Probably the most widely discussed example of social entrepreneurship is Grameen Bank, set up in Bangladesh in 1984 by Muhammad Yunus to provide to provide small loans to people without access to conventional capital. Grameen is still mutually owned by its customers. A large proportion of the loans are to small-scale female entrepreneurs. Yunus was awarded the Nobel Peace Prize in 2006. In the following video Yunnis discusses the setting up of Grameen Bank.
It has been reported that Grameen are partnering with Tesco Bank to set up a micro-finance initiative in Scotland, but the value of microfinance intiatives as a response to poverty is now widely questioned.
Grameen and many other social entrepreneurship ventures are not for profit organisations. But as the textbook chapter makes clear, social entrepreneurship can be based in for-profit organisations so long as the aim of the organisation is to address a social need. It can therefore be argued that payday loan companies are examples of social entrepreneurship. (They are very interesting examples of business innovation as their business models are based on developing social sorting algorithms that take the people who are refused credit by the credit scoring of conventional banks and identify those who are likely to pay the loans back).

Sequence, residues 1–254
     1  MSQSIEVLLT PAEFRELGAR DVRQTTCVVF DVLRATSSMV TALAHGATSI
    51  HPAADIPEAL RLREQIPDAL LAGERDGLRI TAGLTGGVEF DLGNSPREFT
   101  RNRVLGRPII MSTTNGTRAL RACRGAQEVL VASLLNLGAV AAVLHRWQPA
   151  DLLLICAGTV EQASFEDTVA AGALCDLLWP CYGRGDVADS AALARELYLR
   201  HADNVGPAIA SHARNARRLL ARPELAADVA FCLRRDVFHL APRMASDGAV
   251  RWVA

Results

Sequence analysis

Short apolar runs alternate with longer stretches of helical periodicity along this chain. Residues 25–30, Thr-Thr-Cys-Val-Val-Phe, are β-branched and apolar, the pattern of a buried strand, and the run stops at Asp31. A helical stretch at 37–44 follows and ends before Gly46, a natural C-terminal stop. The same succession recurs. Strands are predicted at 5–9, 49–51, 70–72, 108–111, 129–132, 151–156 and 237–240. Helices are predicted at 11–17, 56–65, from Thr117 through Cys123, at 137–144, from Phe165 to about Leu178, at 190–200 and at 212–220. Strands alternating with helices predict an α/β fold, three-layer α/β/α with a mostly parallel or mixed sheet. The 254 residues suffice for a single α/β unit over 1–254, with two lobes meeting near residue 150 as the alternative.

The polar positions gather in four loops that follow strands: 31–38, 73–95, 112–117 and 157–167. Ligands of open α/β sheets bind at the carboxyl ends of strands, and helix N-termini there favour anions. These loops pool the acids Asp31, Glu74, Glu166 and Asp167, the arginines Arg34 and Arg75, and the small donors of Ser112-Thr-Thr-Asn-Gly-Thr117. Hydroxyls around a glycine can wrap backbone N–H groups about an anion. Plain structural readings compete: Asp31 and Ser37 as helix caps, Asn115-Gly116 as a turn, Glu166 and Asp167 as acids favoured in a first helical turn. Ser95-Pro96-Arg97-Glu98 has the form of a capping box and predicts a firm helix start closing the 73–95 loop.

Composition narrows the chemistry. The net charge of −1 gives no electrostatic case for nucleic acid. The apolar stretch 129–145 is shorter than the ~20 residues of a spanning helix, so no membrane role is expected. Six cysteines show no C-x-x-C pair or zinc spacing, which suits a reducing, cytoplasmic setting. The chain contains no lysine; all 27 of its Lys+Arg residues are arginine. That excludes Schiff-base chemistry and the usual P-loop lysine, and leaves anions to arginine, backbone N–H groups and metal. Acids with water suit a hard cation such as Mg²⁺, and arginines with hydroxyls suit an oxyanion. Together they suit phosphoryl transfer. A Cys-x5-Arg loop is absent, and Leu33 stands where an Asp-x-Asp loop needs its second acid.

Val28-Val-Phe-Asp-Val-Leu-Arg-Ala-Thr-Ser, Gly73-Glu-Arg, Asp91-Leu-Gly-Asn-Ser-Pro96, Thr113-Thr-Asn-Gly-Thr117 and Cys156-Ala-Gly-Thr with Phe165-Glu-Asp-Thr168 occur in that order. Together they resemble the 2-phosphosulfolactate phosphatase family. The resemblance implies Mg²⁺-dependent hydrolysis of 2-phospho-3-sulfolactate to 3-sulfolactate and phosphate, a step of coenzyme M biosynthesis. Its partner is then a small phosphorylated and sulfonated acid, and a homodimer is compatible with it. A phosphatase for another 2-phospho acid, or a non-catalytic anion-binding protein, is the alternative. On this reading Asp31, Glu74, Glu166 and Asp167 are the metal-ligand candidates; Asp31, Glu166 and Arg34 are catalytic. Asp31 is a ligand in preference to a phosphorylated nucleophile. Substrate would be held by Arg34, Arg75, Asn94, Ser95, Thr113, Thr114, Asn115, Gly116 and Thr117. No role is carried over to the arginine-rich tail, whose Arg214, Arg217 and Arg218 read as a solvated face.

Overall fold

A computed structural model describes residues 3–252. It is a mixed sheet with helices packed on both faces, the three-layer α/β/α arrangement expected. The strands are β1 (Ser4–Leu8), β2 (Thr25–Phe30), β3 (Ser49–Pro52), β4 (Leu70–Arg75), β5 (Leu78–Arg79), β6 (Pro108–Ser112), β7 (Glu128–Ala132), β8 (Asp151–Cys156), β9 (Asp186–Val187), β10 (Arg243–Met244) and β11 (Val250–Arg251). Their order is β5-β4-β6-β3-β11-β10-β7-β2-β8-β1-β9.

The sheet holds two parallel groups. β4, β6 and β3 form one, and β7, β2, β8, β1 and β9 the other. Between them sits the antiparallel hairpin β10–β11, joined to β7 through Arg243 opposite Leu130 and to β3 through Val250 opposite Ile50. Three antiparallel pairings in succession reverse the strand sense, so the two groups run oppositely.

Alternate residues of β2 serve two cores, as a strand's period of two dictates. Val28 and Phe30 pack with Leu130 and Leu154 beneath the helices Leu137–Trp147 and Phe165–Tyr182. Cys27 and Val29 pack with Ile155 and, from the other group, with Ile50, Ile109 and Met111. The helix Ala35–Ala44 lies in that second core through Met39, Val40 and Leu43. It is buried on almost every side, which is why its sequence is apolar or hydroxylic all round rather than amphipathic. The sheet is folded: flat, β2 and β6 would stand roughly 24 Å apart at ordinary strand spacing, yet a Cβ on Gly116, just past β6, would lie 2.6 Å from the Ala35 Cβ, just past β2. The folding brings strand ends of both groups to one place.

One difference between Muhammad Yunus and Errol Damelin, co-founder of Wonga, is that Damelin is unlikely to be winning the Nobel Peace Prize anytime soon.